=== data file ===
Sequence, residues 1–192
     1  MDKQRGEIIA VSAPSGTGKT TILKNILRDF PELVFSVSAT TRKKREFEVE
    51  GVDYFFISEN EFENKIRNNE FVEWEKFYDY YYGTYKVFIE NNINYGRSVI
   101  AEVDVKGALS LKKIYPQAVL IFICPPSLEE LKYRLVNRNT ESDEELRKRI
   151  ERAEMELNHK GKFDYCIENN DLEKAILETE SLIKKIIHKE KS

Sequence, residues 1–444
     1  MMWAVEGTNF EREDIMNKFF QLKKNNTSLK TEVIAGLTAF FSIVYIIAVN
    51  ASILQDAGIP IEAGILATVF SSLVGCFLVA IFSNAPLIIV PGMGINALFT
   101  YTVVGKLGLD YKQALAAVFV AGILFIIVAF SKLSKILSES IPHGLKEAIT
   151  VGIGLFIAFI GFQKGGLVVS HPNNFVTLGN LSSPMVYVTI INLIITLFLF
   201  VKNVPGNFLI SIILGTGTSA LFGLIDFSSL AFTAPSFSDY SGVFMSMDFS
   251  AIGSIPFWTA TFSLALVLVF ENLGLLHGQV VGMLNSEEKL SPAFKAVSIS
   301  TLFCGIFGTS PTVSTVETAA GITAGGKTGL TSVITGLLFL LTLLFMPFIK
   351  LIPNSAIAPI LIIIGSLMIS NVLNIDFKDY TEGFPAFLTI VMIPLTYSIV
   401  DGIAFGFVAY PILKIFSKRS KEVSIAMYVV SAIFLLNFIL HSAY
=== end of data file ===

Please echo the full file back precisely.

Sequence, residues 1–192
     1  MDKQRGEIIA VSAPSGTGKT TILKNILRDF PELVFSVSAT TRKKREFEVE
    51  GVDYFFISEN EFENKIRNNE FVEWEKFYDY YYGTYKVFIE NNINYGRSVI
   101  AEVDVKGALS LKKIYPQAVL IFICPPSLEE LKYRLVNRNT ESDEELRKRI
   151  ERAEMELNHK GKFDYCIENN DLEKAILETE SLIKKIIHKE KS

Sequence, residues 1–444
     1  MMWAVEGTNF EREDIMNKFF QLKKNNTSLK TEVIAGLTAF FSIVYIIAVN
    51  ASILQDAGIP IEAGILATVF SSLVGCFLVA IFSNAPLIIV PGMGINALFT
   101  YTVVGKLGLD YKQALAAVFV AGILFIIVAF SKLSKILSES IPHGLKEAIT
   151  VGIGLFIAFI GFQKGGLVVS HPNNFVTLGN LSSPMVYVTI INLIITLFLF
   201  VKNVPGNFLI SIILGTGTSA LFGLIDFSSL AFTAPSFSDY SGVFMSMDFS
   251  AIGSIPFWTA TFSLALVLVF ENLGLLHGQV VGMLNSEEKL SPAFKAVSIS
   301  TLFCGIFGTS PTVSTVETAA GITAGGKTGL TSVITGLLFL LTLLFMPFIK
   351  LIPNSAIAPI LIIIGSLMIS NVLNIDFKDY TEGFPAFLTI VMIPLTYSIV
   401  DGIAFGFVAY PILKIFSKRS KEVSIAMYVV SAIFLLNFIL HSAY